Landmark Stays Current With Eye On Tradition

T.K. Dickerson

Staff Writer

OCEAN CITY – When one is
crossing the Route 50 Bridge, it is hard to believe that any sight is welcomed
more than the sight of the expansive bay. However, tucked right next to the bridge,
the view from The Angler’s dockside bar might be one of the best in town.

Captain Bill Bunting
founded The Angler, modeled after an old fishing cottage, in 1938. His father,
Charlie, who owned the land extending from the Route 50 Bridge to Somerset Street,
distributed the land amongst his four sons. Since then, the land has been sold
to other owners, all save the property on which The Angler sits.

Bunting was the
grandfather of current owners and sisters Julie Bunting Smith and Jayne Bunting
Kendall, who were born and raised on Maryland’s eastern shore. Bill Bunting is
credited with an assortment of things, one of the most notable being that he
tagged and released Ocean City’s first white marlin. However, it was his wife,
Louise, with her goal being to feed the hungry fishermen, who truly started The
Angler restaurant.

Since that time, the
restaurant has been handed down through the Bunting family, making it the
oldest family owned and operated restaurant in Ocean City. It is not unusual to
see the owners’ families stopping by the restaurant after the usual dinner rush
to eat all together, or to see Julie’s oldest daughter, Meegan, helping out at
the desk.

“I love that we’ve been
able to preserve the family interest,” says co owner Jayne Kendall.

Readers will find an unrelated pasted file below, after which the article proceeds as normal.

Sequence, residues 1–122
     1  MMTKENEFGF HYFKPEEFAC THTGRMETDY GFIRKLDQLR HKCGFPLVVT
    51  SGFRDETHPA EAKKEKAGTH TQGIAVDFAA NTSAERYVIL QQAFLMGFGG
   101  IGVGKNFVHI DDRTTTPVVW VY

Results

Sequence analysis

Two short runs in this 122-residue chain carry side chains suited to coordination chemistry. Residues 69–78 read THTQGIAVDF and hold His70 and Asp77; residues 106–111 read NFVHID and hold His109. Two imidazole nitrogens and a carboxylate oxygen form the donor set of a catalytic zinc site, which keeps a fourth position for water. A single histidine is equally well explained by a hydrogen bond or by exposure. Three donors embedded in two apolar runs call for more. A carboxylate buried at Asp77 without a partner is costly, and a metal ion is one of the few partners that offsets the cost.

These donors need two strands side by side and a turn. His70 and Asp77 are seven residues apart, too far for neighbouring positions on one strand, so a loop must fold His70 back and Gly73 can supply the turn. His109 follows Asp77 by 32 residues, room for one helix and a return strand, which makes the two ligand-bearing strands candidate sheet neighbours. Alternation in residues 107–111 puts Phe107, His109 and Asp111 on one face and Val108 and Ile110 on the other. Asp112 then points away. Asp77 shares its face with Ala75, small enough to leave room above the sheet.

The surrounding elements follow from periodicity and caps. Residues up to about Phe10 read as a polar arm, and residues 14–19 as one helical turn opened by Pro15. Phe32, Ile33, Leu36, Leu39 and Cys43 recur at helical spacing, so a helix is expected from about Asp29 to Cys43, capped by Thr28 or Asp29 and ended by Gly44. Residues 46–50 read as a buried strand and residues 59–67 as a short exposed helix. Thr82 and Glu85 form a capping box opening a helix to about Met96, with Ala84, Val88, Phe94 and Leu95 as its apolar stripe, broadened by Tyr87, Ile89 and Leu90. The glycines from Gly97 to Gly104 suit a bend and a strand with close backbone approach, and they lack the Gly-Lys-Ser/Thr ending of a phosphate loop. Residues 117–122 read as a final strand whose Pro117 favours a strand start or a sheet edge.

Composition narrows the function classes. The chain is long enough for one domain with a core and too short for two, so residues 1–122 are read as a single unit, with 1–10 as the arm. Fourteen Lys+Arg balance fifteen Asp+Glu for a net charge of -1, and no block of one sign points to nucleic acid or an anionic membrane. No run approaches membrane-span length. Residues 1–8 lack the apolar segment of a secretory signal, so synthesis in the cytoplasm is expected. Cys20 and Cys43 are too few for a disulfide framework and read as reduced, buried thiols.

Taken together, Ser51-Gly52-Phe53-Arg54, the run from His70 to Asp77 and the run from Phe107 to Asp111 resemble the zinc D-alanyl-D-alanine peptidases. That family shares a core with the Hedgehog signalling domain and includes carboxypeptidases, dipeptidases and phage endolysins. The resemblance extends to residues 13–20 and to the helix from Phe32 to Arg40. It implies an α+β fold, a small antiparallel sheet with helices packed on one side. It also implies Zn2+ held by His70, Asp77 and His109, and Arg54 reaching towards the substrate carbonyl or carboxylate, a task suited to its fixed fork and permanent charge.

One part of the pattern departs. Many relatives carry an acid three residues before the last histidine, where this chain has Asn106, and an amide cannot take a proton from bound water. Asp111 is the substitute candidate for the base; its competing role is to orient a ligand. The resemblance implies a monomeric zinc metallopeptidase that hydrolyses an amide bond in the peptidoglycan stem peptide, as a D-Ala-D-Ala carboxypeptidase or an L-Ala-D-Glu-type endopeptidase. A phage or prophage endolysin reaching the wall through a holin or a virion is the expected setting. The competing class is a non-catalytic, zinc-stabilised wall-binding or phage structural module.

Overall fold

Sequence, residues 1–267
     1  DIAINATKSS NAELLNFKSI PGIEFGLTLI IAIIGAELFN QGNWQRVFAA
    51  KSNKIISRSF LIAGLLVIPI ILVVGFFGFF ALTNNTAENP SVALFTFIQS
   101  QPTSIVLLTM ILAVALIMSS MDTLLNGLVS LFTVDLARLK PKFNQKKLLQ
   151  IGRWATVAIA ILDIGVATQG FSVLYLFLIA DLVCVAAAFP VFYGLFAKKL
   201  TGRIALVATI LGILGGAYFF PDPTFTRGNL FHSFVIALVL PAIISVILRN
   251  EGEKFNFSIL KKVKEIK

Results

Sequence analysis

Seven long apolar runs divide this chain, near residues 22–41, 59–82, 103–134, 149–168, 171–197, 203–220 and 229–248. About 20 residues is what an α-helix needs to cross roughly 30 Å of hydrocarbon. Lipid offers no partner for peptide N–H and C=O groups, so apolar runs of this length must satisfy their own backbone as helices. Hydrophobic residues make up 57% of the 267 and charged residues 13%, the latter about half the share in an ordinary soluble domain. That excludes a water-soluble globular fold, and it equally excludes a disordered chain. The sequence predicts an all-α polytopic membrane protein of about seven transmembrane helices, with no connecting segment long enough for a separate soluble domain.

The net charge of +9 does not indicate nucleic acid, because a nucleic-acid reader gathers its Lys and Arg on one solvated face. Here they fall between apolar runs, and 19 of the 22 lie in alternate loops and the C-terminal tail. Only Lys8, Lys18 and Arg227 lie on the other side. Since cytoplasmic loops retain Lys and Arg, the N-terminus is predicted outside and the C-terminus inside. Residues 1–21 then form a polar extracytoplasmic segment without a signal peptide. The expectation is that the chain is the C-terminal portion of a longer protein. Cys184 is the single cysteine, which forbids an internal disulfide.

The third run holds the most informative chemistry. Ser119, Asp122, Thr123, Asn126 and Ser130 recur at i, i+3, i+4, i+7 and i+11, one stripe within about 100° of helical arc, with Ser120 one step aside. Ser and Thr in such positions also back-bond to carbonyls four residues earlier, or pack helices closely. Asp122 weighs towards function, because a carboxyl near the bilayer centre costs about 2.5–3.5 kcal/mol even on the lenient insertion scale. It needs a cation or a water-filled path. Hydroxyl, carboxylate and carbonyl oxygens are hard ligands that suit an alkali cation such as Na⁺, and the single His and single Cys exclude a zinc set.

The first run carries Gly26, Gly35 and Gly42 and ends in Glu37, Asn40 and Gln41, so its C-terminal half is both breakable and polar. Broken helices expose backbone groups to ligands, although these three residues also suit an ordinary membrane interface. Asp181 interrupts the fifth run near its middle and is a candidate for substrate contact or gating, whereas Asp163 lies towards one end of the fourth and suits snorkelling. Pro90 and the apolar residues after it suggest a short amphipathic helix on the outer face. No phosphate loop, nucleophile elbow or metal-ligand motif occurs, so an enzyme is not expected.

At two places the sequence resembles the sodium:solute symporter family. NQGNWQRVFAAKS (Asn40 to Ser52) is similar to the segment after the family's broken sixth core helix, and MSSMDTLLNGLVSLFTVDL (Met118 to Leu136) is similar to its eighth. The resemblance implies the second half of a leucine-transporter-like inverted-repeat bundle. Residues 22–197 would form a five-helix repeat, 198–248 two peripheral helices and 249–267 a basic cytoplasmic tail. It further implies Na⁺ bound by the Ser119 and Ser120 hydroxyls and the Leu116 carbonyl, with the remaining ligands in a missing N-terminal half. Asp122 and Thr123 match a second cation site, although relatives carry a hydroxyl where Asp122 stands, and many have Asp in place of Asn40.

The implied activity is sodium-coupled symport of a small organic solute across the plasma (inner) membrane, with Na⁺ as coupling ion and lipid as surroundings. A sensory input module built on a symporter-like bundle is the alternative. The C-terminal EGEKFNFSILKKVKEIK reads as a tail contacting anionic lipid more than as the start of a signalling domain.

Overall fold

Jayne and Julie both own
and run the restaurant, while maintaining the values their family members
before them held dear. In fact, one of the best things about The Angler for
Jayne is that she gets to manage her, “business, while enjoying [her] family”.

Though the restaurant’s
family values, history and “eastern shore seafood house” atmosphere are some of
the restaurant’s most admirable qualities, Jayne and Julie recognize that
tradition can only take the restaurant so far. With a newly decorated interior,
a new line-up of entertainment and other recreational water activities, in
addition to a great menu, it is no wonder the restaurant is still a local and
tourist hit.

In keeping with
tradition, fresh fish and seafood will always be the restaurant’s specialty,
just as Captain Bunting and his wife would have wanted it. Kendall cites
certain menu items such as grouper fingers, wings and The Angler Specialty
Salad, among the most popular menu items.

Other items such as
clams casino, fresh fish sandwiches and multiple combos featuring both seafood
and “landlubbers” food (as the menu playfully cites) are all features of the
menu as well. Just this past year a variety of paninis were added to the lunch
menu, and Kendall says they have been “well received”.

In addition to the menu,
there are certain traditions unique to The Angler that keep loyal patrons
returning year after year. Ever since the late 1960’s, the restaurant has been
offering an after-dinner sunset cruise that is available with the purchase of a
dinner entrée.

The same head boat that
takes out dinner cruises also takes out daily deep sea fishing trips, which
Kendall describes as “great fun for the entire family”. One of the mates on the
boat, Dean Lo, has artwork featured in the newly renovated interior dining
room.

This same dining room
has seen many generations and many different uses. When Jayne and Julie were
younger, reggae bands played at The Angler seven nights a week.

The party has moved from
the dining room to the deck, which has an uninhibited view of the bay and the
lively dock. The Angler features happy hour entertainment on weekends, as well
as a popular deck party late Sunday nights. The owners invite people to “enjoy
watching boats come and go and listen to some music.”

 

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